Redrum Review

Hidden object game fans are no strangers to murder mystery plotlines, but Redrum takes things down an even darker path. Not one to play in front of the kids, the game is a chilling psychological thriller that combines crime and the supernatural. While still pretty tame by horror movie standards, it’s still the closest thing to "horror" that you’re likely to see in a casual game.

The story, told through a variety of letters, diary entries and email correspondences, weaves together the fates of several characters. Dr. Sigmund Fraud is a crooked psychiatrist who thinks he’s hit on a gold mine patient: Rose, a disturbed young girl who claims to hear voices. With divorced parents who argue constantly and a wealthy father, Rose presents Dr. Fraud the perfect opportunity to get rich by saddling the father with medical bills. There’s only one problem: aside from hearing voices, Rose really doesn’t seem that sick, so Fraud has to keep convincing the father that Rose is sick enough to continue his expensive treatments.

Rose’s uncle, however, who happens to be a detective, smells a rat at the asylum. What’s more, the "imaginary friends" that Rose talks to give her information that she’s able to pass on to her uncle that help him crack the murder cases he’s investigating.

Each chapter in the game starts with a new murder, which Rose’s uncle begins to investigate. You’ll help him by searching the crime scene for clues by finding all the items on his list. Meanwhile, back at the asylum you’ll also have to foil Dr. Fraud’s unethical attempts to make Rose sicker. In one example, he tries to inject her blood with a virus and you must find all of the viruses and click on them to get rid of them.

When Rose’s "friends" communicate with her, she is able to revisit the crime scenes in her dreams. This is portrayed as a unique hidden object twist where instead of searching for items, the scene itself is divided into mosaic-like tiles and you’re given a list of tiles to match. Rose delivers the clue to her Uncle in an anagram, which you must decipher in a mini-game. Then, it’s back to the crime scene to search for more evidence.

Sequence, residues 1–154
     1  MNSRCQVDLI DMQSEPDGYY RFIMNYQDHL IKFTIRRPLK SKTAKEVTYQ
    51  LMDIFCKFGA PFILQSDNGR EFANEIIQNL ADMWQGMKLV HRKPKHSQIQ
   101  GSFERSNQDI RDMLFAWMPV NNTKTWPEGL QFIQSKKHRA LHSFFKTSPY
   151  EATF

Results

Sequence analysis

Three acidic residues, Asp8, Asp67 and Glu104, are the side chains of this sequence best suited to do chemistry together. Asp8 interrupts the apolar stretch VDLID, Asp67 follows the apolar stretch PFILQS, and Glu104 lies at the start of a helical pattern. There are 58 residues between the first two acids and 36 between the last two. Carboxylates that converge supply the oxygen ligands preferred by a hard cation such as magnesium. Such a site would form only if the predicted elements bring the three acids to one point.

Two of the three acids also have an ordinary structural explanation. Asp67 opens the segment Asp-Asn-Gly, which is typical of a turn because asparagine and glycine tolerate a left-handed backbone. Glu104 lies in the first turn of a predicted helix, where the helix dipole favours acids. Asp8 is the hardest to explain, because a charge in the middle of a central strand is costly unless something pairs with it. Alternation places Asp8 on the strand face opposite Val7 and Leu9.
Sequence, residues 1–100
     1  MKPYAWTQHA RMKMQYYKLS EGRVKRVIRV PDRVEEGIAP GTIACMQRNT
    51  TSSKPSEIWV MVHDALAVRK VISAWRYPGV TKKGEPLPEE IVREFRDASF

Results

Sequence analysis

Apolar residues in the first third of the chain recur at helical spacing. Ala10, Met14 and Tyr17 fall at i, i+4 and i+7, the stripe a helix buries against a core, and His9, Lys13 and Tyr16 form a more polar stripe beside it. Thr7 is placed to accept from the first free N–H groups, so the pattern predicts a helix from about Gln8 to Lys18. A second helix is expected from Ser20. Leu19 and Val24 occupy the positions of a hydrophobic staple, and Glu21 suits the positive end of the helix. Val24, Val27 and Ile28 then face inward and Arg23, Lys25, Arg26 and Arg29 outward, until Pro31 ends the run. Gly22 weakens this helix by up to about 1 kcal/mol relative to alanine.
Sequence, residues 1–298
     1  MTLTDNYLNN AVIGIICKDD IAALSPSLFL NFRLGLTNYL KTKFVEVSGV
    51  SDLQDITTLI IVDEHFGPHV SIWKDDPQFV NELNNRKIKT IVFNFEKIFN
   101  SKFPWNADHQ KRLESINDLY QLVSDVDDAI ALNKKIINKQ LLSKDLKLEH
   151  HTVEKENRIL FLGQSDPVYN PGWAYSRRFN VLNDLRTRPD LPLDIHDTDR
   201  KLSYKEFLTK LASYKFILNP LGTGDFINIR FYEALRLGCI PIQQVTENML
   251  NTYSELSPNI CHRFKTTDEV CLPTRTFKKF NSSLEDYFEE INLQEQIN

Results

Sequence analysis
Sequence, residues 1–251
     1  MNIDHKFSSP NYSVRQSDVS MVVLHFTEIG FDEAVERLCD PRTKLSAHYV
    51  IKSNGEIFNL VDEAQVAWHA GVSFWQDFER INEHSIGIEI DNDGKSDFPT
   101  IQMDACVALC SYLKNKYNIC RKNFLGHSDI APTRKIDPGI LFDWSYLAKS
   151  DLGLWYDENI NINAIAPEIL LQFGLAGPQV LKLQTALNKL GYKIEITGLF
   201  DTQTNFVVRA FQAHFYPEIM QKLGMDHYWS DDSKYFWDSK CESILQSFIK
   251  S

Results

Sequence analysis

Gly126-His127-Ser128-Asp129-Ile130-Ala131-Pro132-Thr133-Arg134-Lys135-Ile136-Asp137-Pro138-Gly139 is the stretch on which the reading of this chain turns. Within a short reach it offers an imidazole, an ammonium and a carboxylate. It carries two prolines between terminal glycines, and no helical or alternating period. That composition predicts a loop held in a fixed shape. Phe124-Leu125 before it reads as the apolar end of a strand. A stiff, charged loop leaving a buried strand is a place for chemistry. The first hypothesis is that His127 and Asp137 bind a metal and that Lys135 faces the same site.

You can earn extra hints by finding roses hidden in each scene. There are also two modes of play: Timed mode where there are time limits for each scene and penalities for too many random clicks, and a Relaxed mode with no time limit or penalties.

Redrum has a wonderfully creepy atmosphere, thanks to brooding visuals and music. Be warned though, the visuals can be quite graphic. If you’re easily disturbed by images like blood, syringes, bones and bodies without skin then you might want to approach Redrum with caution. The themes that the game explores – like divorce, mental illness and cruelty – are equally mature.

In terms of challenge, Redrum is about average for a hidden object game. The most difficult scenes to pick through are those of Rose’s Dreams, which involve more abstract imagery. There are ample hints, however, and I actually found myself with a little stockpile left over after I finished the game.

While Redrum is no slouch in the gameplay department, the real reason to play this game is to experience the story. I’ve encountered a lot of video game villains over the years, but the diabolical Dr. Fraud is one villain that you really want to see go down, and the vulnerable Rose and her courageous uncle are two heroes you’ll really find yourself rooting for.

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